• Prepare the ingredients:
    Slice or arrange the hard cheeses into bite-sized pieces or thin slices and fold the larger meat slices. This makes them easier to enjoy and creates an inviting display. Prepare any additional accompaniments by portioning them into small bowls or ramekins.
  • Arrange the board:
    Start by placing larger items on the board first, such as bowls of spreads or pickles. Then, strategically place the cheeses, meats, crackers, and other accompaniments in different areas of the board, creating an attractive and balanced arrangement. Fill in the gaps with fresh fruit or veggies, dried fruit, and/or nuts. *See full step-by-step instructions for arranging the board in the main body of the post.
  • Add visual elements:
    To make your charcuterie board visually appealing, consider adding some colorful and contrasting garnishes. This could include fresh herbs, edible flowers, or small bunches of grapes. These additions can bring vibrancy and freshness and help to create a truly beautiful board.
  • Serve and enjoy!
    Provide small plates, napkins, and cheese knives and spoons for easy serving. Encourage your guests to explore the different combinations of meats, cheeses, crackers, and accompaniments.

Recipe Notes

Tip: If you’ve got too many items to fit on your board, use additional side dishes or bowls for some of the items. Bread and crackers are good choices for this.
Make-ahead: Prep your ingredients ahead of time, arrange the board, and then use plastic wrap to wrap around the whole board to keep everything fresh and in place. Then store in the fridge until ready to serve.
If you don’t have room in your fridge for the whole board, prep your ingredients and store them in airtight containers in the fridge. Then arrange your board just before you are ready to serve.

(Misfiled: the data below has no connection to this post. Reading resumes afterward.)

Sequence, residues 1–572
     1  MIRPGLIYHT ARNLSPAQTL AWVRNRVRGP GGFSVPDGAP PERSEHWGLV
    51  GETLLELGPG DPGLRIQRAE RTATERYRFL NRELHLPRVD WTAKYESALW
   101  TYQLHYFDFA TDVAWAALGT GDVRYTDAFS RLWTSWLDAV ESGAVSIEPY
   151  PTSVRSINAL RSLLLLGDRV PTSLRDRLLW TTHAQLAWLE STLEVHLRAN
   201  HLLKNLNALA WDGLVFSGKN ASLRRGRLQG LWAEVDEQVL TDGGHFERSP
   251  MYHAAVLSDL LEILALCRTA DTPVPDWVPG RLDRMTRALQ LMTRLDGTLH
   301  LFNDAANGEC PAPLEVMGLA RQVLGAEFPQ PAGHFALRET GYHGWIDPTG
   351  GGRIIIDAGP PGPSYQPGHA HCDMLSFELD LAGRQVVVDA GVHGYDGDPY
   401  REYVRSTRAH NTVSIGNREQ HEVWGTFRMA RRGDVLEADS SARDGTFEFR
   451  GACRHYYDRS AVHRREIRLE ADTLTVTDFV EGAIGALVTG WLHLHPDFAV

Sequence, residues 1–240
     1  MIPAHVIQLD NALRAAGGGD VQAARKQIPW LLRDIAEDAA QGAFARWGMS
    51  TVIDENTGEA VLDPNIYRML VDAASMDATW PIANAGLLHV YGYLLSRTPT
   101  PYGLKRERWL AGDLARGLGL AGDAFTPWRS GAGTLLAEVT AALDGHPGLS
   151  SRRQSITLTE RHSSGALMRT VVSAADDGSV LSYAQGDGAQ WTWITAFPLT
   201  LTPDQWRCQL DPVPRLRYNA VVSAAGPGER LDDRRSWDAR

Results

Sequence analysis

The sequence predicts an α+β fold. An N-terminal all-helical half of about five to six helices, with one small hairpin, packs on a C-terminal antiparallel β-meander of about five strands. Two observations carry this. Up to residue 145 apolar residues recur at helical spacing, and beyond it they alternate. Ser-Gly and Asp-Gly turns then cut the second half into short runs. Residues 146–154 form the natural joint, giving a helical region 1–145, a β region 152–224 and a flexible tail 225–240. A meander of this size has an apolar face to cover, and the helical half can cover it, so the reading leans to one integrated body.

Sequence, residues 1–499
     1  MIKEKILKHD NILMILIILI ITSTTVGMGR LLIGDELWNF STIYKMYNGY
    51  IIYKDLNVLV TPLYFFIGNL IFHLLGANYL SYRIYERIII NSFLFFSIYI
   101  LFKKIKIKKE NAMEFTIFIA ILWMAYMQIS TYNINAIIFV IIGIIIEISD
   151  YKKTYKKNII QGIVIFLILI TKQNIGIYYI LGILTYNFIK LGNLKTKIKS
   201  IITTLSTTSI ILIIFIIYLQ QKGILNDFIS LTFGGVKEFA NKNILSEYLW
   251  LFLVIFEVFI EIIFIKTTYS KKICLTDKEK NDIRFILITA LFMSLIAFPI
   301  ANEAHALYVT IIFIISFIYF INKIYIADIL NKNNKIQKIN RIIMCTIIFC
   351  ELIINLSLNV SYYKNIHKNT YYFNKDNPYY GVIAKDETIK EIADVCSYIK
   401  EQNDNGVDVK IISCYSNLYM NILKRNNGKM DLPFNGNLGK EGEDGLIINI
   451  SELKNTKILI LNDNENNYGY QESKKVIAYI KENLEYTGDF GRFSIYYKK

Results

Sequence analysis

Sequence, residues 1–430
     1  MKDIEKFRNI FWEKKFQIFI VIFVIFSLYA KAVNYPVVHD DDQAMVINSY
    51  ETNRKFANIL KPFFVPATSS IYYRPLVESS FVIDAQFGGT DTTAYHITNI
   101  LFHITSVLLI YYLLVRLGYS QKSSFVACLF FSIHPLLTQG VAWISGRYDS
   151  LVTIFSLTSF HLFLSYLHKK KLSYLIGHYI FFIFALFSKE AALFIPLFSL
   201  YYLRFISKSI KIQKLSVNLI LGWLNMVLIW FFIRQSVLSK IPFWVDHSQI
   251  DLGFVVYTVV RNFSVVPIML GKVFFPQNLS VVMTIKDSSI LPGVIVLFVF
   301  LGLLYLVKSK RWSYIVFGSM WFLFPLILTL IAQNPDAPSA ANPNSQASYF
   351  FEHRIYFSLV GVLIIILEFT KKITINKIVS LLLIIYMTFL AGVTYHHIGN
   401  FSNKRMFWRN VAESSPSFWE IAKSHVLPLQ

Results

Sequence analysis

The board can be safely left out at room temperature for up to 2 hours.

*Nutritional information is provided as a courtesy only and should be construed as an estimate rather than a guarantee. Ingredients can vary and Maplevine Kitchen makes no guarantees to the accuracy of this information.

Keyword charcuterie, charcuterie board, cheese plate
Did you make this recipe? Leave a comment below and let us know how it was!

Frequently Asked Questions

How much charcuterie per person?

As a general guideline, plan on serving about 2 to 4 ounces (56 to 113 grams) each of cured meats and cheeses per person for a charcuterie board.


How do I make a budgetfriendly charcuterie board?

Creating an impressive charcuterie board on a budget is all about smart choices and creative planning. Choose affordable cuts of cured meats like domestic ham or salami, and explore local cheese options that offer great flavor without the high price tag. Utilize seasonal fruits and vegetables to add freshness and color, and consider making your own spreads and accompaniments to save money. Look for budget-friendly cracker options and take advantage of sales and bulk sections. With thoughtful presentation and a focus on maximizing value, you can create a visually appealing and delicious charcuterie board without breaking the bank.